Anthology Marketing Group
Cheyenne Maltezo
Account Executive
(808) 539-3409

July 01, 2015


Big Island Visitors Bureau Media Contact:
Ayaka Hong, Anthology Public Relations
(808) 539-3484,


Hawaii Island (July 1, 2015) – Hawaii Island offers exquisite cuisine and a unique culinary culture for visitors to immerse themselves in the local scene. Read on to learn more about upcoming events, tours and refreshed menu offerings. Plus, find new ways to explore the destination by land and sea!

How to order a plate lunch? We have the inside scoop from Andi Fisher, blogger for, who just returned from a Hawaii Island getaway. Find out more here on Hawaii Visitors & Convention Bureau’s So Much More Hawaii blog. 

Four Seasons Resort Hualalai at Historic Kaupulehu, named the Best Beach Resort in the World by Andrew Harper’s Hideaway Report, will host Chef Fest from October 28 to 31, as part of the Four Seasons Food & Wine global series. A celebration of high-profile dinners, interactive cooking classes and culinary experiences, the series will feature some of today’s top chefs who will join together to cook, teach and entertain in an intimate and relaxed beach setting. This year’s celebrity guest chefs include Hugh Acheson, Seamus Mullen, Naomi Pomeroy, and Jonathan Waxman. For more information visit, or call toll-free at (888) 340-5662.

CanoeHouse at Mauna Lani Bay Hotel & Bungalows presents a personalized “Captain’s Table” blind tasting menu, created by Chef de Cuisine Allen Hess. The menu is seasonal and available to parties of up to eight. Chef Hess’ whimsical culinary flair impresses guests with originality through his take on Hawaii plantation-style flavors. He sources locally sustainable products, with 85% of each meal sourced from Hawaii Island. Throughout the evening, the chef will present each course while the wine steward will introduce the accompanying wine. For more information, visit

Rays on the Bay, the premier dining venue at Sheraton Kona Resort & Spa at Keauhou Bay, will launch a brand new menu this August, showcasing locally sourced produce and seafood, infused with Hawaiian culture. Designed by Rays on the Bay General Manager Keith Mallini and Chef de Cuisine Jayson Malla, the menu items will incorporate fresh seafood, such as ceviche and sashimi, with family-style “grazing” dishes, street-inspired and gastro pub food, comfort food with an upscale presentation, house-made salumi, artisanal cheeses and breads, and healthy choices, including brussels sprouts and kale. To make a reservation, visit or call (808) 930-4900.

Honu’s on the Beach at Courtyard Marriott King Kamehameha’s Kona Beach Hotel is energizing Kailua-Kona’s culinary scene with new dishes that put Hawaii Island-grown ingredients front and center. Chef Roy Basilio’s popular Hamakua Mushroom Risotto features specialty Alii mushrooms that were grown in the Hamakua Coast town of Laupahoehoe, and Arborio rice prepared with fresh herbs, white wine, vegetable stock, a touch of cream, parmesan cheese, and extra virgin olive oil. The dish is complemented by kabocha (pumpkin), asparagus, green beans, peppers, squash and marinated sweet cherry tomatoes. For more information and to view the full dinner menu, visit or call (808) 329-2911.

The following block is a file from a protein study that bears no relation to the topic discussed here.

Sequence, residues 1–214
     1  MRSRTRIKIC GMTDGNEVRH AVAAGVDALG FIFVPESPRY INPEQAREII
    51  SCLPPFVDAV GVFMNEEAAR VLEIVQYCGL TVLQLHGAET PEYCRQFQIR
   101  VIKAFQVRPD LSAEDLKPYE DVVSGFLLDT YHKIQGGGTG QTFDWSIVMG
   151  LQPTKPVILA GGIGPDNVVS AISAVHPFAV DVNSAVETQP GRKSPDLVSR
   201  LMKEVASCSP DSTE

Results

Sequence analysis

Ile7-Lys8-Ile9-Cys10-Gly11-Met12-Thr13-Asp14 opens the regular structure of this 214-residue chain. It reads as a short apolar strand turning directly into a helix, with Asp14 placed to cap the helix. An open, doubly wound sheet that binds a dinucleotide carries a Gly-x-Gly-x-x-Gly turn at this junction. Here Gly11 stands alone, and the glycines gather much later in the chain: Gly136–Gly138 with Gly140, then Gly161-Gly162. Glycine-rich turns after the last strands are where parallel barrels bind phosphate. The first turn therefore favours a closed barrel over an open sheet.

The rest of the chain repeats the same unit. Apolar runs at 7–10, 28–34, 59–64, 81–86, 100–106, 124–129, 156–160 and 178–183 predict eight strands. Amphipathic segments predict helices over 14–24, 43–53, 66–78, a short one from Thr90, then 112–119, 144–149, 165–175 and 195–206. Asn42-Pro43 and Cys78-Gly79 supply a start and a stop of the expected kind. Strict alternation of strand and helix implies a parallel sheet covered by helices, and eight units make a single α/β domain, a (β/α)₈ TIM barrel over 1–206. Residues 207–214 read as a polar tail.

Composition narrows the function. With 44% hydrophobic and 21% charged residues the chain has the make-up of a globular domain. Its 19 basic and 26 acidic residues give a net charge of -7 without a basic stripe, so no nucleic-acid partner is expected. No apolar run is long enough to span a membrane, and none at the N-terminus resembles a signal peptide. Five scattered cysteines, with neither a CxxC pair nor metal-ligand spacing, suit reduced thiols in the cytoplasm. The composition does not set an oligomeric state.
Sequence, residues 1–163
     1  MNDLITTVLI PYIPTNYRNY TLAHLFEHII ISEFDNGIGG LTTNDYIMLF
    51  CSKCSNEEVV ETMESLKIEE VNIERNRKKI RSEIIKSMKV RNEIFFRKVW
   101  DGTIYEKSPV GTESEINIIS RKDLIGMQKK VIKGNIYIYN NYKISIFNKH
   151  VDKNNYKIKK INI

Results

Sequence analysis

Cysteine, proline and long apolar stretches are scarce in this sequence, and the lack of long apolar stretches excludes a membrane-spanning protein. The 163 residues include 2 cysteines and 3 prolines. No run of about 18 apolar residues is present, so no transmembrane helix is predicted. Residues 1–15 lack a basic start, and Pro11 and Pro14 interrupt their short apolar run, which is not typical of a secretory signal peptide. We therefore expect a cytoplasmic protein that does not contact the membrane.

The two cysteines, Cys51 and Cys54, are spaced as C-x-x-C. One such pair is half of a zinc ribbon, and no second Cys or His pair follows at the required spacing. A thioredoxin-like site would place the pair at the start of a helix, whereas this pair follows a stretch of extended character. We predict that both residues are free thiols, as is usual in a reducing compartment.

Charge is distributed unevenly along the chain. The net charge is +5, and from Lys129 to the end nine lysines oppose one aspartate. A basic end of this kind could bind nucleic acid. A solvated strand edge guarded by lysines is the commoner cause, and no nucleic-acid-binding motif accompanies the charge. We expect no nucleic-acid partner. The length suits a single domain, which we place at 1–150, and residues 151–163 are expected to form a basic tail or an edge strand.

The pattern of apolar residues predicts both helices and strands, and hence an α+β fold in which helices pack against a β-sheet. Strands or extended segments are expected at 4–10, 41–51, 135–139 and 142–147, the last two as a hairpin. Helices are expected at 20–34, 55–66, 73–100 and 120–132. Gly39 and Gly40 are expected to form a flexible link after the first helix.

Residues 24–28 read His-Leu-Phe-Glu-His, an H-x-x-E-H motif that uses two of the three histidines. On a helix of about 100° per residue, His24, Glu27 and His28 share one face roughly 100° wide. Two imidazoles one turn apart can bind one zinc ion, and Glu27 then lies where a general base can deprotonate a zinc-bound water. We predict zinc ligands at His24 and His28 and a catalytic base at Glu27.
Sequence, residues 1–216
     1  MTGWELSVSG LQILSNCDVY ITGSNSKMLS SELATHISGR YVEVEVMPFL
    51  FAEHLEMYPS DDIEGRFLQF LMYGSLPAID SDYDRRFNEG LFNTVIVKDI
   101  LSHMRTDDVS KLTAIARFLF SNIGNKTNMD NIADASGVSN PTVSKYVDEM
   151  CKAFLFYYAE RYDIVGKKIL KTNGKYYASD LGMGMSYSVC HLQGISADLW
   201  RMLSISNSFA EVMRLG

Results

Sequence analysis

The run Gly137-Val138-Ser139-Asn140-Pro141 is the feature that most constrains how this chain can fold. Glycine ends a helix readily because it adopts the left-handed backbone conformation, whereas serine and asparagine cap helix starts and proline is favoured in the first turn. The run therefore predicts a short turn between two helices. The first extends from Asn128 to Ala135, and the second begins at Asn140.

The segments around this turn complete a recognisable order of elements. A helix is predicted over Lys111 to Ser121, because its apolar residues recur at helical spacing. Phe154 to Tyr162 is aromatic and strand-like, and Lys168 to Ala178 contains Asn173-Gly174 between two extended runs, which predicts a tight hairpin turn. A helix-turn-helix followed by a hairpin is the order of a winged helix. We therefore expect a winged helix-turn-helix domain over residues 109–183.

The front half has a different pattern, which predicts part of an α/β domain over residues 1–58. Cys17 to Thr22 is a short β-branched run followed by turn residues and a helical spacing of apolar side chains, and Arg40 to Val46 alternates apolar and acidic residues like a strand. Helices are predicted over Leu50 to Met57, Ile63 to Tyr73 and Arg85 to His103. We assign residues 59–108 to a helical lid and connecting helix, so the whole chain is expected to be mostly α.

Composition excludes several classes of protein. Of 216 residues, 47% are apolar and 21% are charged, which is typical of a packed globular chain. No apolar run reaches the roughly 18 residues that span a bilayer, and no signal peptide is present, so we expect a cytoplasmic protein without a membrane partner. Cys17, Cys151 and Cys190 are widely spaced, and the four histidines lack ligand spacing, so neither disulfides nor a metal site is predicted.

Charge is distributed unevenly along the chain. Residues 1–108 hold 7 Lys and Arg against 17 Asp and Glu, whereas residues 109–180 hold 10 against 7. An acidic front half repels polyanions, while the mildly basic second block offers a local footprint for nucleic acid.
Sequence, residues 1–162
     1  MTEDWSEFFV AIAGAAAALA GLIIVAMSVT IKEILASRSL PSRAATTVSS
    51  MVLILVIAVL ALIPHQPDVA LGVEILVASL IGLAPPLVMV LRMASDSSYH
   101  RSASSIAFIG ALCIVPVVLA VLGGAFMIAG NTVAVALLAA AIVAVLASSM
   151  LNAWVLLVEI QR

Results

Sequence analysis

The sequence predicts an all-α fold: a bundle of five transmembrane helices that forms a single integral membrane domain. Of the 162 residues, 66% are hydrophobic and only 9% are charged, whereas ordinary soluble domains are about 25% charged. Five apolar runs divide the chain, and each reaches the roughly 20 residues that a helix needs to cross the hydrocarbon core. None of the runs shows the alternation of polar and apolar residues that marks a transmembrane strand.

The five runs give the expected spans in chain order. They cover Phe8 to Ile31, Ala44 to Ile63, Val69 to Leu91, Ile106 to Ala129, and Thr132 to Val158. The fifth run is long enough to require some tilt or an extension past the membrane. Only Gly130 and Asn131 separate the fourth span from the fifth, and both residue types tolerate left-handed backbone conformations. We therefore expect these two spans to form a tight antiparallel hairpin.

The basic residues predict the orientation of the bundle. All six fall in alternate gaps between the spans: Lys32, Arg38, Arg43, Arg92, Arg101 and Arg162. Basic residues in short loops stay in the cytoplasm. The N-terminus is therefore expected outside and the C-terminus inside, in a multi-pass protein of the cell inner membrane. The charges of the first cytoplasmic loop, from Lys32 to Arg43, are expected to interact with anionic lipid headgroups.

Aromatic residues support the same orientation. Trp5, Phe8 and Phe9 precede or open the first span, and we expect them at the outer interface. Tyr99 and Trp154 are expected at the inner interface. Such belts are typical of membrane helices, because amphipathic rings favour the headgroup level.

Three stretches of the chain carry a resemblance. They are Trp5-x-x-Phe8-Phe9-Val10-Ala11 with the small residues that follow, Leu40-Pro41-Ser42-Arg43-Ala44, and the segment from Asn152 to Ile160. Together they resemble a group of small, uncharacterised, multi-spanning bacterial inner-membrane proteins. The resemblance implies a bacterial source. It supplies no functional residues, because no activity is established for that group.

KapohoKine Adventures offers guests the opportunity to learn the importance of sustainability in Hawaii with “Farm, Fork & Fire” tour. Attendees will enjoy tastings at Hamakua Mushrooms and Volcano Winery, followed by a private cooking demonstration and dinner at the famous Volcano House, where 95 percent of the hotel’s products are sourced from Hawaii Island. After dinner, the tour continues in Hawaii Volcanoes National Park with a view of Halemaumau Crater’s red glow at sunset. The cost is $189 per person, plus tax. For more information, visit or call (808) 964-1000.

In honor of Mauna Kea Beach Hotel's 50th anniversary, the hotel is bringing back its popular “Modified American Rate Plan.” The special third-quarter package enhancement, valid July 5 to September 30, 2015, allows guests to enjoy breakfast and a three-course prix fixe dinner at its signature restaurant, Manta & Pavilion Wine Bar, the Copper Terrace, or Hau Tree for a flat rate of $105 per adult and $50 per child (ages 5-12), inclusive of tax and gratuity. The culinary themed third quarter will also include the return of the hotel’s classic dishes with a modern twist by Executive Chef Peter Pahk. For more information, visit

Hawaiian Legacy Hardwoods (HLH), a sustainable forestry company based on Hawaii Island, recently became the first company to produce raw and unfiltered honey, sourced from the nectar of endemic koa tree blossoms on the Hamakua Coast. Although the entire production of honey sold out within two days of a limited release this spring, a waiting list has started for the second batch next year. Proceeds from honey purchases go toward the planting of more koa legacy trees. Kona Brewing Co. is utilizing the honey in a special edition to create a koa honey wheat ale, slated to be released in October. For more information, visit,